by Newman Hall
The prayer which our Lord delivered to the disciples as a model in their approaches to God, and which has been designated "The Lord's Prayer," is recorded by two Evangelists, and was spoken on two different occasions.
In the Sermon on the Mount our Lord was reproving the superstition which regarded the frequent iteration of mere words as acceptable with God, and the Pharisaism which made a public parade of prayer to obtain the praise of men. Luke records that at a later period of Christ's ministry, "As He was praying in a certain place, when He ceased, one of His disciples said unto Him, Lord, teach us to pray, as John also taught his disciples." This disciple may have forgotten the earlier instruction. Or he may have regarded it as too brief, or designed for the general multitude to whom it was addressed, and so asked for some counsel specially applicable to the inner circle of the disciples, similar to some teaching so given to the more intimate friends and followers of the Baptist. But our Lord simply repeated the subject-matter of the same Divine model, as containing the essence of all we need to ask, and as showing the spirit and manner of all acceptable prayer. Matt. 6:5-13; Luke 11:1-4.
On both occasions the reasonableness and duty of prayer were taken for granted; the Divine authority of our Lord being superadded to that of the older Revelation. Prayer is not simply one of many other features of religion; but is essential to its existence. "There is not among all moral instincts a more universal, a more invincible one than prayer. The child betakes himself to it with ready docility; aged men return to it as a refuge against decay and isolation. Prayer rises spontaneously from young lips that can scarcely lisp the name of God, and from expiring ones that have scarcely strength left to pronounce it" (Guizot). Human nature is so constituted, that the acknowledgment of a superior Being by adoration and petition, harmonizes with our intellectual and moral instincts. "The widely-spread belief, that man may draw near to God, that he may transfer his thoughts and wishes to the mind of the Eternal, proclaims his sense of a Divine relationship between himself and God. As the magnetic needle points to the unseen pole, so the soul, before it is hardened or demagnetized by the crude blows of the world, will point to the home and heart of the Great Father" (H. R. Reynolds). We feel it is befitting that we render adoration to Him on whom we are dependent for breath and all things, extolling His greatness, expressing our dependence, seeking His favor, and thanking Him for His gifts.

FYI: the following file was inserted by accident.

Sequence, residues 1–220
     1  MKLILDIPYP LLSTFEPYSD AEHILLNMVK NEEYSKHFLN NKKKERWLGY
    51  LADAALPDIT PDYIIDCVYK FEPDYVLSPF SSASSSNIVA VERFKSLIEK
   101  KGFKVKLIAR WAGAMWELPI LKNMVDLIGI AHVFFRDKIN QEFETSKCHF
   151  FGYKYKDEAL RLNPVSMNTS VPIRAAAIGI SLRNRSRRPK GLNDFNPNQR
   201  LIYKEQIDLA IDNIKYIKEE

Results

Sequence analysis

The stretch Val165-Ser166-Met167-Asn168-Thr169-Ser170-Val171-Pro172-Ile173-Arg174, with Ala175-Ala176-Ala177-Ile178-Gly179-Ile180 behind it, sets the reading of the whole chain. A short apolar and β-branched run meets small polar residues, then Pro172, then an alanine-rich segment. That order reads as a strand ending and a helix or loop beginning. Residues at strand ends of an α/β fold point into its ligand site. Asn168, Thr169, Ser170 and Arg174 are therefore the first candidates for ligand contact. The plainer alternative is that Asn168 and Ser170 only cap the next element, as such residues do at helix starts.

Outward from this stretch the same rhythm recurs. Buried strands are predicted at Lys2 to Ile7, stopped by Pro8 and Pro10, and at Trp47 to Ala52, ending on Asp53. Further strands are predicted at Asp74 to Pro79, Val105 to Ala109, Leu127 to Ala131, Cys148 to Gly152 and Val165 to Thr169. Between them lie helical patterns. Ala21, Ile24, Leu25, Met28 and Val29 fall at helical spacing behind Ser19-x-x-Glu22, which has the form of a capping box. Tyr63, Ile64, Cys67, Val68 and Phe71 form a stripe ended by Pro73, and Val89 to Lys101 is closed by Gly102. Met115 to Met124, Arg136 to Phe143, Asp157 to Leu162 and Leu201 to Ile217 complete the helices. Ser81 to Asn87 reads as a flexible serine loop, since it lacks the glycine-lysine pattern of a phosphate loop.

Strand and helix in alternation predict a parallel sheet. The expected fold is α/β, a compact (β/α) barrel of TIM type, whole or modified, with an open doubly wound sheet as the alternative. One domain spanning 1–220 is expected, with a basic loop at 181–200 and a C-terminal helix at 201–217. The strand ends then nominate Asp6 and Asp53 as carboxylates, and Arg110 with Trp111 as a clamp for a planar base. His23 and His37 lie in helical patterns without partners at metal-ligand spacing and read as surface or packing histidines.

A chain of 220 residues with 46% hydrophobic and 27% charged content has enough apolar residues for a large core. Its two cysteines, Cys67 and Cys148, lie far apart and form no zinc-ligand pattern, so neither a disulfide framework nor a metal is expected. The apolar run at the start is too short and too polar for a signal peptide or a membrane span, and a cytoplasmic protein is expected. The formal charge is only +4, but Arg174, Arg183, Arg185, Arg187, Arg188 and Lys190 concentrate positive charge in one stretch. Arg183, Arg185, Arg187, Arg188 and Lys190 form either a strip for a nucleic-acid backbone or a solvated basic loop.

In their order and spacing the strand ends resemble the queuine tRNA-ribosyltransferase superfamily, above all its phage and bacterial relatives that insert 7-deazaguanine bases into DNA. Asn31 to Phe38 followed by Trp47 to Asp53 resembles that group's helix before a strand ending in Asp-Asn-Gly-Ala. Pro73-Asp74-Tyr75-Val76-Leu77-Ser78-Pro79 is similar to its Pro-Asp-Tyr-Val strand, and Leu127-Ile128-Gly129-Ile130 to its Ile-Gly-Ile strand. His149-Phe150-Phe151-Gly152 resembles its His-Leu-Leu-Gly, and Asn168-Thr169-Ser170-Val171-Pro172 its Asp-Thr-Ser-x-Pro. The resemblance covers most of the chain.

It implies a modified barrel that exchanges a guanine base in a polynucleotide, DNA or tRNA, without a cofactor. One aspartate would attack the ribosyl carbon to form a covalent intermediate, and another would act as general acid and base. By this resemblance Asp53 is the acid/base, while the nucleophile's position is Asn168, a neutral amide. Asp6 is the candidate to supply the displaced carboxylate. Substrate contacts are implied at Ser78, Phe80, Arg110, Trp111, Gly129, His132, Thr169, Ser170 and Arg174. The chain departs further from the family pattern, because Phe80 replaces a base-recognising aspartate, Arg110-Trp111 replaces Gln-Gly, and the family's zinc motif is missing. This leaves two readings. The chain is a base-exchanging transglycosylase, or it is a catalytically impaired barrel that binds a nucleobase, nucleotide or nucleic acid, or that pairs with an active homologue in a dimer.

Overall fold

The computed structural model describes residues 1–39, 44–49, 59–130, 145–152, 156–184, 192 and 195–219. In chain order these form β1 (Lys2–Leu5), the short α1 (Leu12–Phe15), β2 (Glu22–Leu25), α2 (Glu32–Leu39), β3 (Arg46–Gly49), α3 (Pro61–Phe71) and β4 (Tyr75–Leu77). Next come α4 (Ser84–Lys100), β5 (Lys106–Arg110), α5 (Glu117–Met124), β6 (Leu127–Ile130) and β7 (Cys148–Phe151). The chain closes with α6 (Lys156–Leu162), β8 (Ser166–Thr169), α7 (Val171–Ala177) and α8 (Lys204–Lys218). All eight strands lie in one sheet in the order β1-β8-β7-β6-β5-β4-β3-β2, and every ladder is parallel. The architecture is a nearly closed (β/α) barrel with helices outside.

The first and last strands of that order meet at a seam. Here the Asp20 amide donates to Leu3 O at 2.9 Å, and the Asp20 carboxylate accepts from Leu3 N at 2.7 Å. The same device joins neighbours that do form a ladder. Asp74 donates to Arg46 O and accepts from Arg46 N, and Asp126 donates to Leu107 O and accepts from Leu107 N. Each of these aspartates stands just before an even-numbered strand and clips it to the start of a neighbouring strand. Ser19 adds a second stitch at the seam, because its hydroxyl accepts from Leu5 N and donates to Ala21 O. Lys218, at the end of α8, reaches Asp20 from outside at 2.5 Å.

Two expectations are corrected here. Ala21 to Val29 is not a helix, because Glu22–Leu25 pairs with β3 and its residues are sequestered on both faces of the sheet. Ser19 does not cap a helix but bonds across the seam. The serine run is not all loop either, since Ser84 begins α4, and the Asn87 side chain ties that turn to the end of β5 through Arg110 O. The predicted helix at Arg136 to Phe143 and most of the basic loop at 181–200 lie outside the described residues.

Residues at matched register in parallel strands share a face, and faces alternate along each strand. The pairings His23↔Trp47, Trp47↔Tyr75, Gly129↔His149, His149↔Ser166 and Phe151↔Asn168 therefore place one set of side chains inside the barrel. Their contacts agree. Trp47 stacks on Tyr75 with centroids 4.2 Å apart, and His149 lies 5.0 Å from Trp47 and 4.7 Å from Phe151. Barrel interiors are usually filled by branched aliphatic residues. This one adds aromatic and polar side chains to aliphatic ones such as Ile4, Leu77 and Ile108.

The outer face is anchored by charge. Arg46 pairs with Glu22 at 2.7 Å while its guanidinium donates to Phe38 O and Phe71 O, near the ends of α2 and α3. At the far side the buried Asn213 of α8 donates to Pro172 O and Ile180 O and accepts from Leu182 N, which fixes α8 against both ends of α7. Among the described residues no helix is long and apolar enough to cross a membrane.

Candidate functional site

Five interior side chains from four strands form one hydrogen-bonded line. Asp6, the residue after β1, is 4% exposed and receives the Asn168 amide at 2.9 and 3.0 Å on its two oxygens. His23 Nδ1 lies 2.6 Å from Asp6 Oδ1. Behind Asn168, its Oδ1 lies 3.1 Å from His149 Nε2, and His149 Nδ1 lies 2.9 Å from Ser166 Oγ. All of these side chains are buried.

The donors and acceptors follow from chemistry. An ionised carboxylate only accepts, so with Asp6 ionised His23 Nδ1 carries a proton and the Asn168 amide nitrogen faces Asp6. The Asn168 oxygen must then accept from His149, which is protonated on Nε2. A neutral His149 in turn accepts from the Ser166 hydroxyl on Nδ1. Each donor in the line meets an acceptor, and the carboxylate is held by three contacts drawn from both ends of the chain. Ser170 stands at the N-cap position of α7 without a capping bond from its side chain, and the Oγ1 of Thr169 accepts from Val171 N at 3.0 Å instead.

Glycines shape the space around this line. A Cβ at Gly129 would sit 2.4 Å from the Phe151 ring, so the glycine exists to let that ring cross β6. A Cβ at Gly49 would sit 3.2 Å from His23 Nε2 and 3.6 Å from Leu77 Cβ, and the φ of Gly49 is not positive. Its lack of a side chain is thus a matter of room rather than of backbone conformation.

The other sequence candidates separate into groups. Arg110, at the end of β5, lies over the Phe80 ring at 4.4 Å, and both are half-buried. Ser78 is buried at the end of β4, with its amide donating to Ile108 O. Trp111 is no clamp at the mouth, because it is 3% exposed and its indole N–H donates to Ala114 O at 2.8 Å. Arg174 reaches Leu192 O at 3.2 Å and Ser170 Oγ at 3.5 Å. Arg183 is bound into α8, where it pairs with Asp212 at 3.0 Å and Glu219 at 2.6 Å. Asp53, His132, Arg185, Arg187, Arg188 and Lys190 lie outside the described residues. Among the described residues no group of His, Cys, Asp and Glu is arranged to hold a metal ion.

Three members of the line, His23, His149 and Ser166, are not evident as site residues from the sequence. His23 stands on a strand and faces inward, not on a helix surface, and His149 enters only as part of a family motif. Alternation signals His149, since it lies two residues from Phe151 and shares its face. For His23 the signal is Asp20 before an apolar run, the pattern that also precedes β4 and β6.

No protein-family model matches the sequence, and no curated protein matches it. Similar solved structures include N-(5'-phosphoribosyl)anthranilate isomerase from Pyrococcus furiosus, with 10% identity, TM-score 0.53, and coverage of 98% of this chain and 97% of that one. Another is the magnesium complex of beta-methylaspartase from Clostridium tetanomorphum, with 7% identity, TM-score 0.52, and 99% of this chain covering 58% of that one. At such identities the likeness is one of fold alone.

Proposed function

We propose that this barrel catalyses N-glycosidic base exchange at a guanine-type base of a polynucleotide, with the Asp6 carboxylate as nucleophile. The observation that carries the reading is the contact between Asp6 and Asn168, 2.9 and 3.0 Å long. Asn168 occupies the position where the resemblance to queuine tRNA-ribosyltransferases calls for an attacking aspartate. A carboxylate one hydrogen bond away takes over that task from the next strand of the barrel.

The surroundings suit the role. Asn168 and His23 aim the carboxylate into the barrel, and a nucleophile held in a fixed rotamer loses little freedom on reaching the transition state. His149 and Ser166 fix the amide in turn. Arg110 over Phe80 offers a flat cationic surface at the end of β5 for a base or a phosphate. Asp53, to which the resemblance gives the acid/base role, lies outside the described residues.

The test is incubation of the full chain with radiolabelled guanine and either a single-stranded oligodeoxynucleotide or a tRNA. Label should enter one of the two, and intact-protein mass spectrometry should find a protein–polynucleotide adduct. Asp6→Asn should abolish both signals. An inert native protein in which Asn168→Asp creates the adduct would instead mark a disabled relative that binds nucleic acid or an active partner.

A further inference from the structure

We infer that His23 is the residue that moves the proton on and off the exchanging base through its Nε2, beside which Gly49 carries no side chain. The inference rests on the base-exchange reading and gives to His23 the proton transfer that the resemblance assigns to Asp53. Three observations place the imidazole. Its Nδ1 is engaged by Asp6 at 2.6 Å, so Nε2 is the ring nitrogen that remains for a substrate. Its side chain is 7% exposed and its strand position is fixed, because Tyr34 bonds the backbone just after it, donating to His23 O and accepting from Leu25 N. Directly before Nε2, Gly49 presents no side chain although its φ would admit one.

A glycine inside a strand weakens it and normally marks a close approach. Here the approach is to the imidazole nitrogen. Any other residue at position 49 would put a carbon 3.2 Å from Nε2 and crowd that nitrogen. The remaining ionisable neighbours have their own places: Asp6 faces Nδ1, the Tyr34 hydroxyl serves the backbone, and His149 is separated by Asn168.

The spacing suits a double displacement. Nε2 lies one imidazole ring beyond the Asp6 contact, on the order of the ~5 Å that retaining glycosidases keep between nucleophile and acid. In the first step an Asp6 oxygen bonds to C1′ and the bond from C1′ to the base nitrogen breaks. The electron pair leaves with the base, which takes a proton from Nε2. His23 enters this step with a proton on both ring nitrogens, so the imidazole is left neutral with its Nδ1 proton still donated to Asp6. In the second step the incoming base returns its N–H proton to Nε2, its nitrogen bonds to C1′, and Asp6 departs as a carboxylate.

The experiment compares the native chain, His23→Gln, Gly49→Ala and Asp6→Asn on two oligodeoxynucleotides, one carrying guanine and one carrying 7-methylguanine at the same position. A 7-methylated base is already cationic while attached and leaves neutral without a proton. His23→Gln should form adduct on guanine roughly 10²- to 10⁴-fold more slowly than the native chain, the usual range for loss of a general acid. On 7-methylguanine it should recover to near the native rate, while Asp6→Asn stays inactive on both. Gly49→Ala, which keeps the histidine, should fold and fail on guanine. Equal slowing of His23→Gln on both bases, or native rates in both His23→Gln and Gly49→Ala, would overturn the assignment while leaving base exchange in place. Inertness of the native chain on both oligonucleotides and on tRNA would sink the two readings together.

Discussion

Table of Contents
THE INVOCATION: "OUR FATHER WHO IS IN HEAVEN"
THE FIRST PETITION: "HALLOWED BE YOUR NAME"
THE SECOND PETITION" "YOUR KINGDOM COME"
THE THIRD PETITION: "YOUR WILL BE DONE ON EARTH, AS IT IS IN HEAVEN"
THE FOURTH PETITION: "GIVE US THIS DAY OUR DAILY BREAD."
THE FIFTH PETITION: "AND FORGIVE US OUR DEBTS, AS WE ALSO HAVE FORGIVEN OUR DEBTORS."
THE SIXTH PETITION: "AND LEAD US NOT INTO TEMPTATION"
THE SEVENTH PETITION: "BUT DELIVER US FROM EVIL."
THE DOXOLOGY: "FOR YOURS IS THE KINGDOM, AND THE POWER, AND THE GLORY, FOREVER. AMEN."